Miley Cyrus and Dolly Parton's "Rainbowland" was banned by a Wisconsin elementary school.

Miley Cyrus Had The Best Response To A School Banning Her “Rainbowland” Duet

“To the inspiring first grade students at Heyer Elementary, keep being YOU.”

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Miley Cyrus believes that self-acceptance is not a controversial topic, especially for the youth. On March 29, the singer’s Happy Hippie Foundation echoed that statement after an elementary school in Wisconsin banned “Rainbowland,” her 2017 duet with Dolly Parton, from their spring concert lineup. The decision made at Heyer Elementary School caught social media’s attention after first-grade teacher Melissa Tempel reportedly called out the Waukesha County School District on Twitter.

“My first graders were so excited to sing Rainbowland for our spring concert but it has been vetoed by our administration. When will it end?” Tempel wrote on March 21, tagging both Parton and Cyrus in the post. She also included a picture of the song’s lyrics in her tweet. On “Rainbowland,” which appeared on Cyrus’ Younger Now album, both singers harmonize about living in a vibrant space of freedom and inclusivity.

“Living in a Rainbowland / The skies are blue and things are grand / Wouldn’t it be nice to live in paradise / Where we’re free to be exactly who we are,” the duo croon.

Nearly a week after Tempel’s post, Cyrus’ foundation — a nonprofit that supports the LGBTQ community and homeless youth — responded to the ban on Twitter. “To the inspiring first grade students at Heyer Elementary, keep being YOU. We believe in our Happy Hippie heart that you’ll be the ones to brush the judgment and fear aside and make all of us more understanding and accepting,” the organization tweeted.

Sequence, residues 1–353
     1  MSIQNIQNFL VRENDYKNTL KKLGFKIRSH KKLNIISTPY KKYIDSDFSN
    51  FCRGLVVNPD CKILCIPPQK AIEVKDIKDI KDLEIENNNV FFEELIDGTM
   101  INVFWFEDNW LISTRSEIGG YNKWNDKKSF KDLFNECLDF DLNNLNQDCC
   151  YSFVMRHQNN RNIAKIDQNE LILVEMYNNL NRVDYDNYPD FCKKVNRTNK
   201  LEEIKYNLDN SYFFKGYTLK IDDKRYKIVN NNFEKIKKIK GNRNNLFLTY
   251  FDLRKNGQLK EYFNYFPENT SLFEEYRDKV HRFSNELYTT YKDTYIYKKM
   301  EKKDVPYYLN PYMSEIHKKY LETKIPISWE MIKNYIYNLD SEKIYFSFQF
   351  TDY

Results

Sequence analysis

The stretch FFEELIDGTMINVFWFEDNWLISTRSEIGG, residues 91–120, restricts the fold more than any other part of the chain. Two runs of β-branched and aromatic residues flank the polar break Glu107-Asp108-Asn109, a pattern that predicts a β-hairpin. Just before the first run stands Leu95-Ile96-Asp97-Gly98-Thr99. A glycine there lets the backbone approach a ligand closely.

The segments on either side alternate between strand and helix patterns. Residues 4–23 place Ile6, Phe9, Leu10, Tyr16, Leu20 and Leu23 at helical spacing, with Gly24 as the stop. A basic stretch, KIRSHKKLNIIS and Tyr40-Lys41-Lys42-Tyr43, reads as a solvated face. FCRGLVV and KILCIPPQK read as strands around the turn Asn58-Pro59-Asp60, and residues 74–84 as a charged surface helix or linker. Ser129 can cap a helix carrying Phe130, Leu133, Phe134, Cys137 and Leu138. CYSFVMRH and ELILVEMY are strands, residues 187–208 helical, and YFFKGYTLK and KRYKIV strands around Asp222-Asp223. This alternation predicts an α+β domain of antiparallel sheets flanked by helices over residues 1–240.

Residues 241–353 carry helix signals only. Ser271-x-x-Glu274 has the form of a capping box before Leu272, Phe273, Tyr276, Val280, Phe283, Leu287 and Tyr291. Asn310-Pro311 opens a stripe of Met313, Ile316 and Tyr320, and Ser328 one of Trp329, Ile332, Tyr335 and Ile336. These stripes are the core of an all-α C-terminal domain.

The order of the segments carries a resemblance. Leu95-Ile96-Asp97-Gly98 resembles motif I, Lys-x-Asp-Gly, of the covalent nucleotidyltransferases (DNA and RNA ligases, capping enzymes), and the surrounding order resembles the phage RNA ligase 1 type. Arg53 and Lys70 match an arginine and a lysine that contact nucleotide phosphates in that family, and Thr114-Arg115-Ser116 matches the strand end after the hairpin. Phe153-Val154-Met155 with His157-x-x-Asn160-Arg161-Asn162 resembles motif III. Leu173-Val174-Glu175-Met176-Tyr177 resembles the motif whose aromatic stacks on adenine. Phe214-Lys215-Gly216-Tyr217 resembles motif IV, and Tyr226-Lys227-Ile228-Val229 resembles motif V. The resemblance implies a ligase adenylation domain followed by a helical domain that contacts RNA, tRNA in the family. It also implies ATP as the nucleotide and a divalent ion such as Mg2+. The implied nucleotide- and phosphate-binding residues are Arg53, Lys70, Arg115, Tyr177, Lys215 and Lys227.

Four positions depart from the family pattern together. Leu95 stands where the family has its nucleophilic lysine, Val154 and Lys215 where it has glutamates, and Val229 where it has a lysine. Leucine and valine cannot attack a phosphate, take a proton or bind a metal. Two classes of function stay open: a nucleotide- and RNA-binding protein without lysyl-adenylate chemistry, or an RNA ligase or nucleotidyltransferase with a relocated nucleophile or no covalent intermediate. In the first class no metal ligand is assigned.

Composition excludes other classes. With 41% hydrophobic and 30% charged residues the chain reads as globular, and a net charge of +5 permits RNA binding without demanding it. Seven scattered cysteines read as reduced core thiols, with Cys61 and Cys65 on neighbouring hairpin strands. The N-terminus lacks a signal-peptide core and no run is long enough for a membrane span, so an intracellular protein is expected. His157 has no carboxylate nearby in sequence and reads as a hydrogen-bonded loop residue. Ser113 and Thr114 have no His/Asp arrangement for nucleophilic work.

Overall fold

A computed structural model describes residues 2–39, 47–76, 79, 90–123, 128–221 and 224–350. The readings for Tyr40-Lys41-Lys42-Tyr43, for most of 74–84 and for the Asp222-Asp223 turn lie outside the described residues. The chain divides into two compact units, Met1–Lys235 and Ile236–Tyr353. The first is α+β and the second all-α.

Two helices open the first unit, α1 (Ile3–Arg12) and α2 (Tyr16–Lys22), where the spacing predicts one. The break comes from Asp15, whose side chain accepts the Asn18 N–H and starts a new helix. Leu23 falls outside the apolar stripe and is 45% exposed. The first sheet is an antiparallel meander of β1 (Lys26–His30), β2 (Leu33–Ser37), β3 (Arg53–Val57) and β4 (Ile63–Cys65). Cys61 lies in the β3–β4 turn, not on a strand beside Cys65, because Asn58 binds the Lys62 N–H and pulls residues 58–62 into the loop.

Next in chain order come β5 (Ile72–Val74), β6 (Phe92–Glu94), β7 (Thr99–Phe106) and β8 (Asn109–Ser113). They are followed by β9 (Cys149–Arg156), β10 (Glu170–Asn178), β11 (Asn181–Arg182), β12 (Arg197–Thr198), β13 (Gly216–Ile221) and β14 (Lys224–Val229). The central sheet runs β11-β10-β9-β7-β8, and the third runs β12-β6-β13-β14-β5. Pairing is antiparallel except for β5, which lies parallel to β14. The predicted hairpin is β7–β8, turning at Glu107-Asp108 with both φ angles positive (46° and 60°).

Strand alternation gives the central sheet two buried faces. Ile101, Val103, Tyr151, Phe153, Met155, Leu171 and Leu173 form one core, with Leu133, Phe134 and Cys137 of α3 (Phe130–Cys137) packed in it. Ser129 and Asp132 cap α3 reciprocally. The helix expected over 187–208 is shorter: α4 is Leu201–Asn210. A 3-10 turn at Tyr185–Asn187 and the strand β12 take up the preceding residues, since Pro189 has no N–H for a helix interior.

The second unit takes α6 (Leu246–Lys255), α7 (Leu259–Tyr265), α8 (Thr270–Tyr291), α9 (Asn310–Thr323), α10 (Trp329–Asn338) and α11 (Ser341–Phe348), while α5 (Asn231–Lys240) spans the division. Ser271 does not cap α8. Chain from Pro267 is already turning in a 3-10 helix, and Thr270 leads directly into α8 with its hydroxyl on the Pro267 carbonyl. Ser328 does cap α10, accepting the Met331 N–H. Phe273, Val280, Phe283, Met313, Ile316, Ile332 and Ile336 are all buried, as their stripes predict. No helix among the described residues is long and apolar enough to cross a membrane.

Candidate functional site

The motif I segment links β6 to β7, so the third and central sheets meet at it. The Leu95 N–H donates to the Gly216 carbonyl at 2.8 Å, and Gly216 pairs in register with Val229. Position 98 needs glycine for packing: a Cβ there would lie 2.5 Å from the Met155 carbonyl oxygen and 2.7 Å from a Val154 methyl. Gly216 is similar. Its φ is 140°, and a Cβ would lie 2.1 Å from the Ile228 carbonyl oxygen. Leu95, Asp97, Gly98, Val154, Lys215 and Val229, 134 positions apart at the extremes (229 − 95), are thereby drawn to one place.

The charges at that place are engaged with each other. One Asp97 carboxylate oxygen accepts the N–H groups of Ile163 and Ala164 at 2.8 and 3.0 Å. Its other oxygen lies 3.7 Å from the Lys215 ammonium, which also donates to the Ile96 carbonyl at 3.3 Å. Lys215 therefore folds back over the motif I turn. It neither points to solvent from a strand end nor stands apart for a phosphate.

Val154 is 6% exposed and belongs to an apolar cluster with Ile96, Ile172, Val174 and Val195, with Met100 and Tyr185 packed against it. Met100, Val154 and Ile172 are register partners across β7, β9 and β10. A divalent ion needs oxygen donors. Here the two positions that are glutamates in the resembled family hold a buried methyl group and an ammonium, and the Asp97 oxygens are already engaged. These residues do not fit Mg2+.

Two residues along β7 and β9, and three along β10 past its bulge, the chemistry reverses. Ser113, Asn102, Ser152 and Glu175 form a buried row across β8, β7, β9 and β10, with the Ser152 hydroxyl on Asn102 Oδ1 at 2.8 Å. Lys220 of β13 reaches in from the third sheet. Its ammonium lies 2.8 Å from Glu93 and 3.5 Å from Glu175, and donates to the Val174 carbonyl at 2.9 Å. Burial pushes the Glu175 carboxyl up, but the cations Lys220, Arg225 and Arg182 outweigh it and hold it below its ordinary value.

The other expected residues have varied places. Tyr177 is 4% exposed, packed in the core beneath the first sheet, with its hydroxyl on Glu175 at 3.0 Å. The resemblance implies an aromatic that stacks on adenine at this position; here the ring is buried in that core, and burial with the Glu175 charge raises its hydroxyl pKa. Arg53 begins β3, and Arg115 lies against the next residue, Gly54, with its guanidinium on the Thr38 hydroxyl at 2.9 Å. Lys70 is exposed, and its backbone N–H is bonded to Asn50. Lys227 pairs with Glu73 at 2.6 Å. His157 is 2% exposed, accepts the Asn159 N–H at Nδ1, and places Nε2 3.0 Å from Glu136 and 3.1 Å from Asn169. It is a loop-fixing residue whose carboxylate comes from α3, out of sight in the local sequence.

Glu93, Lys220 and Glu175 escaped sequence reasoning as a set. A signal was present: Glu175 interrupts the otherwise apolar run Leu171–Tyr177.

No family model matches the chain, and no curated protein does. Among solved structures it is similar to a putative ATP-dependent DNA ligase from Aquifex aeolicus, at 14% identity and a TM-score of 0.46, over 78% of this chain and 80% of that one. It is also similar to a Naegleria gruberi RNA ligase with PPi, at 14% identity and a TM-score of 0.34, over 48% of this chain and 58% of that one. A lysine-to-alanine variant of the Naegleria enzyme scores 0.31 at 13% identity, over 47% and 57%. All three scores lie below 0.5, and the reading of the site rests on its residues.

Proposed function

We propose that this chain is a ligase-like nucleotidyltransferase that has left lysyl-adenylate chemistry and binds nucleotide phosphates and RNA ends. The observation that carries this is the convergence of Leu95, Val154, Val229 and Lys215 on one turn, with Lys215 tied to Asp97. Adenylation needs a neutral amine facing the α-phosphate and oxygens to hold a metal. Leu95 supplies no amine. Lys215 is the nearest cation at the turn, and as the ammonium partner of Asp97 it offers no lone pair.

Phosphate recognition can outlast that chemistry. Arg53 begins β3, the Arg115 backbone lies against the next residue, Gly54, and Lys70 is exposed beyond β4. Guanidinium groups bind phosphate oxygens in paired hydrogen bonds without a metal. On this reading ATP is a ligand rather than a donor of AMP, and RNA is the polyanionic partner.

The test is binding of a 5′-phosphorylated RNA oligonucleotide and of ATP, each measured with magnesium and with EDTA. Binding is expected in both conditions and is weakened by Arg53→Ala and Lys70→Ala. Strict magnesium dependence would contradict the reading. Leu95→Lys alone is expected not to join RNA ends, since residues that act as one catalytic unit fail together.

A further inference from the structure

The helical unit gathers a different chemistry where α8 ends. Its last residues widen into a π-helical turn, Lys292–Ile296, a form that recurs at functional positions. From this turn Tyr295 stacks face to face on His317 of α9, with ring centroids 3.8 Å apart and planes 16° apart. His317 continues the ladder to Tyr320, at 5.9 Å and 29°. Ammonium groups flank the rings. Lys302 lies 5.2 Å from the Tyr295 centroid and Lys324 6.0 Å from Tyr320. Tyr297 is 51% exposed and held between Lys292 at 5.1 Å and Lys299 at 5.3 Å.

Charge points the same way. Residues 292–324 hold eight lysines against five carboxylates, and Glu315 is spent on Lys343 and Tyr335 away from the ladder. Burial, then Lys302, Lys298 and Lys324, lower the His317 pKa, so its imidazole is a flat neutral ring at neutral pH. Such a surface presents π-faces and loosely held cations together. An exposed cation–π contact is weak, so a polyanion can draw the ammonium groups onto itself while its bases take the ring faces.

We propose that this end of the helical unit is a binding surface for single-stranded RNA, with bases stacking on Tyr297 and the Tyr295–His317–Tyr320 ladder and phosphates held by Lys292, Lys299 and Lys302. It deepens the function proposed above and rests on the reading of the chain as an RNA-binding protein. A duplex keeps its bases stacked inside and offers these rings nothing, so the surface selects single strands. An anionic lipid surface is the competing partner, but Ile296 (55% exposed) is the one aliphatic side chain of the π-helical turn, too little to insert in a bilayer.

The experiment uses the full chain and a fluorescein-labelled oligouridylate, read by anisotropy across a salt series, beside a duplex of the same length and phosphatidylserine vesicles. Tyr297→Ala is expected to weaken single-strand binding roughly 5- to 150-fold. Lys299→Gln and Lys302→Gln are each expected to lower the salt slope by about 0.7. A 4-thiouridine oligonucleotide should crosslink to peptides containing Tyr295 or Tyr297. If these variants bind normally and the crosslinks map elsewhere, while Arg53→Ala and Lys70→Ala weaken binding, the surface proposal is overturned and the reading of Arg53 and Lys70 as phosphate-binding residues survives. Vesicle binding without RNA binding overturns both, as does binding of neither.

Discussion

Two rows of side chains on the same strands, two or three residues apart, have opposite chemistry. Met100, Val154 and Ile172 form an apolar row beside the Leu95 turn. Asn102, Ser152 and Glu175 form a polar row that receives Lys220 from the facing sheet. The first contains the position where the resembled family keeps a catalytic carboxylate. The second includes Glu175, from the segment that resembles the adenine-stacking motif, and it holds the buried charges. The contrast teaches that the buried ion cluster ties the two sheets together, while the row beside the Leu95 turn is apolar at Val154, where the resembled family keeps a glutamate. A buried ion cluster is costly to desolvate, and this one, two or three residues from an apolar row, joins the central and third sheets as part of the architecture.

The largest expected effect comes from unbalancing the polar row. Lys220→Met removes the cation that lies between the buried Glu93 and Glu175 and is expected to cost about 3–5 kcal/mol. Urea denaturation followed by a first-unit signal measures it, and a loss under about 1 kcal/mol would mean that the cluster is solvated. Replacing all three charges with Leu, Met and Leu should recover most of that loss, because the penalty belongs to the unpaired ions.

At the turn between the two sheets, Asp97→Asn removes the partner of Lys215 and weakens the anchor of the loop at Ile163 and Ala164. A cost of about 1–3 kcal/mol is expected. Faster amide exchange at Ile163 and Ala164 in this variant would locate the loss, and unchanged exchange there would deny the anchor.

In another tweet, Happy Hippie also shared that they are making a donation to Pride and Less Prejudice, an organization providing pre-K through third-grade classrooms with LGBTQ-inclusive books, to help Heyer students “read out loud, read out proud.”

According to People, Heyer Elementary’s school principal and the central office administrator determined the song’s theme was “controversial” for their first graders. Tempel, alongside other teachers at the school, reportedly wanted the concert to have a theme of world unity and peace, hence their decision to choose an inclusionary anthem like “Rainbowland.”

On March 28, Tempel further shared her frustration with the ban on Twitter. Specifically, she noted how the school’s actions are harmful to the track’s original message. “The Rainbowland story is about much more than a banned song. The result of the political pushback on LGBTQ+ inclusivity and rights in schools is unfolding and it’s tragic,” she wrote.

According to Billboard, students will now perform Kermit the Frog’s “Rainbow Connection” (which was also initially banned, but later added back to the program) in place of “Rainbowland.” They’ll also include other world peace gems like The Beatles’ “Here Comes the Sun” and Louis Armstrong’s “What a Wonderful World.”

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